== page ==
Aristide was elected again in 2002 and, among other things,
initiated a campaign to force France to pay back all the
billions of dollars that it had extorted from Haiti since
1825. But he was overthrown in 2004, with the connivance of
the French and U.S. governments and sent into exile in
South Africa, where he now resides.

Given this history, it is clear why Haiti remains the
poorest country in the Western Hemisphere. But our
understanding of the historical, economic and political
reasons for Haitian poverty is covered up by a nonstop
ideological campaign which seeks to blame the Haitians for
their own poverty. We are treated to lurid tales of Papa
Doc Duvalier ruling through Voodoo without being told that
he was being heavily financed by the Eisenhower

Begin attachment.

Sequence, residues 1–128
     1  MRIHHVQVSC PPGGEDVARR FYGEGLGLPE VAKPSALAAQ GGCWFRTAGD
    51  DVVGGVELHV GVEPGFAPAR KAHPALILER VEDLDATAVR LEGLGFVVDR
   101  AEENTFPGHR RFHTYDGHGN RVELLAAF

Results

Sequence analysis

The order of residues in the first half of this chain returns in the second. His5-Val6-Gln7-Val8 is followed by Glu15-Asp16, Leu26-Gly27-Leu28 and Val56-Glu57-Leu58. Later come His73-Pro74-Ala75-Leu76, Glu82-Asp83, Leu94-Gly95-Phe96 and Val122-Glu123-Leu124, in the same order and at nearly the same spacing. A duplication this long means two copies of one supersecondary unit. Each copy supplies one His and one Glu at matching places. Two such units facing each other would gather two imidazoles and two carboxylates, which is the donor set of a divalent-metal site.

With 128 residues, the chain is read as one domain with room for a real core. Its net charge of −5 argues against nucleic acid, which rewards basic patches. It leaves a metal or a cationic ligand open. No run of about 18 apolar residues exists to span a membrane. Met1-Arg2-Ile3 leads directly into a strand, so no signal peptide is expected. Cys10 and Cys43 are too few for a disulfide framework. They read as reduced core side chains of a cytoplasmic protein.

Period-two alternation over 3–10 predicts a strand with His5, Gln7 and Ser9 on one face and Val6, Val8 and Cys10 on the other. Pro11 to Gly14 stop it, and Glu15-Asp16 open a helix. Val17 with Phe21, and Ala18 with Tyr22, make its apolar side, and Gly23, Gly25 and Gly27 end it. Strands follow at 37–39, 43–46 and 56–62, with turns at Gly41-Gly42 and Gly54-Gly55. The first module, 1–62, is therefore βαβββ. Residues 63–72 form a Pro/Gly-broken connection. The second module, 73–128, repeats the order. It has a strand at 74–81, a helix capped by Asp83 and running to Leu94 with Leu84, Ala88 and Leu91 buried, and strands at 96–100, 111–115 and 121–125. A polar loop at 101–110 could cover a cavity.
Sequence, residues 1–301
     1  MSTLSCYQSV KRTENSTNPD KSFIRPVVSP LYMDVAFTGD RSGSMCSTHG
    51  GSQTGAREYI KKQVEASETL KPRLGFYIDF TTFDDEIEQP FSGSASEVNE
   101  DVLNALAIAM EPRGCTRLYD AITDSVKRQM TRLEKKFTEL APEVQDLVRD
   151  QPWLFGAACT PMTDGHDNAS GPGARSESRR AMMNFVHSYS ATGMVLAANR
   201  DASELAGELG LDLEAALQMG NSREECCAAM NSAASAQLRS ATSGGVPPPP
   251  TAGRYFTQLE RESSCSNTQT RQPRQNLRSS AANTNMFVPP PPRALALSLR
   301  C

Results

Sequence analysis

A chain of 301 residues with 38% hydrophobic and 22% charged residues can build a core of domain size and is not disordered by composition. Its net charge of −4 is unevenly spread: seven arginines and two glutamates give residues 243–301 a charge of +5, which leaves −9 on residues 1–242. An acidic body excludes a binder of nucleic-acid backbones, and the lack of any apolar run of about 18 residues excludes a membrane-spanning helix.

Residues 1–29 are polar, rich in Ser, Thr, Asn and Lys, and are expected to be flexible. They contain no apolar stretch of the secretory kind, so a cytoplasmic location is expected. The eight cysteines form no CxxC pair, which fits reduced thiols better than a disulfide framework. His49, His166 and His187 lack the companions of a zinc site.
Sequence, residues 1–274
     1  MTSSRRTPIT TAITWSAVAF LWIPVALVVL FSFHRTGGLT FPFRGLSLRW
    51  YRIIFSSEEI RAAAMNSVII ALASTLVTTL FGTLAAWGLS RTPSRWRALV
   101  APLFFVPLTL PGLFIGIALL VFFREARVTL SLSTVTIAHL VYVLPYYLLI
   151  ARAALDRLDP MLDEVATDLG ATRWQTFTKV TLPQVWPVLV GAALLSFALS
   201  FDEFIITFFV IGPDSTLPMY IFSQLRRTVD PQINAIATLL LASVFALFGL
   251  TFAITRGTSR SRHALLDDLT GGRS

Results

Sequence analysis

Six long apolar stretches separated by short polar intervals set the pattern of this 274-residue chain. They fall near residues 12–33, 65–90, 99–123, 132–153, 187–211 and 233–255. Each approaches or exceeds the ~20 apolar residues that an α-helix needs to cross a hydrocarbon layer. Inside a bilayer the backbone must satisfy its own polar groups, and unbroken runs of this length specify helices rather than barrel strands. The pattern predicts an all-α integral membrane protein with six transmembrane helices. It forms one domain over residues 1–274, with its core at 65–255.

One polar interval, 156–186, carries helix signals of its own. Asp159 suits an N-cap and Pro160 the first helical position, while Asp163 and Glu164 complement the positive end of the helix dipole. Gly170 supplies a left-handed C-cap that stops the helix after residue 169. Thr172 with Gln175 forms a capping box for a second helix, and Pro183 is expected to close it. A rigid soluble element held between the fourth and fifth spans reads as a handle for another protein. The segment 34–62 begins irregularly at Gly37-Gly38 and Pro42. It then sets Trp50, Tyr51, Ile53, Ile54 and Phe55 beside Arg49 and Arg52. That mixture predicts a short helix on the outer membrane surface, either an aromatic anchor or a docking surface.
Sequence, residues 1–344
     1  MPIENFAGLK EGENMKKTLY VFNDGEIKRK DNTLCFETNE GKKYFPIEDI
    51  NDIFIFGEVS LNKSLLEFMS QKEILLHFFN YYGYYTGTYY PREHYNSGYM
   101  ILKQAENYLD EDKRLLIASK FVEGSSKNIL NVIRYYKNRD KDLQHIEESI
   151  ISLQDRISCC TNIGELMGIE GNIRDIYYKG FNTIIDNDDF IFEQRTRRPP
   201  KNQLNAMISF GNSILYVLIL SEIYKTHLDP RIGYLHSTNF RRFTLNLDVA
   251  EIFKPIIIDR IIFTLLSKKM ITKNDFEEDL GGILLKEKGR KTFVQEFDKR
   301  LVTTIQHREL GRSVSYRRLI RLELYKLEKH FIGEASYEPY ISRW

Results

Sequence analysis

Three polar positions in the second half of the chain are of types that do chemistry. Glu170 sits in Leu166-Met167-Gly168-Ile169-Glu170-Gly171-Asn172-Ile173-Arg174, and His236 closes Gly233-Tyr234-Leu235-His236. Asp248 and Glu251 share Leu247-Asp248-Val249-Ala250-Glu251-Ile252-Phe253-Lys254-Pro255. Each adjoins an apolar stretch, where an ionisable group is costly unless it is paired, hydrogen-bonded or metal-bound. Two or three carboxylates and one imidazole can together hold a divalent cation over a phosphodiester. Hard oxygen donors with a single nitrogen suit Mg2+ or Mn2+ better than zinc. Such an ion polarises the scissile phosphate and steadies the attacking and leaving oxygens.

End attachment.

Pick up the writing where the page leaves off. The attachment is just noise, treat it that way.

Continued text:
administration and its successors, and that today Haiti's
poverty is more the result of voodoo economics than of
actual Voodoo (Voudon).

Many readers will recall the anti-Haiti campaign in the
1980s when the Haitian people were portrayed as poisonous
carriers of AIDS to be kept out of the United States, come
what might.

This history should be all that is needed to explain why
Haiti was in such bad shape even before the earthquake. In
fact, the destruction and suffering caused by the
earthquake was made much worse by the poverty of the
country-the substandard housing, the lack of emergency
services, the denuded hillsides (denuded by people cutting
down trees for firewood because they can't even afford
kerosene) which gave way, tumbling slum dwellers to their

There are thousands of Haitian immigrants and Haitian
Americans in the United States, and the remittances they
send back to their families and communities in Haiti are
the country's major source of foreign exchange money. But
the United States gives out very few permanent legal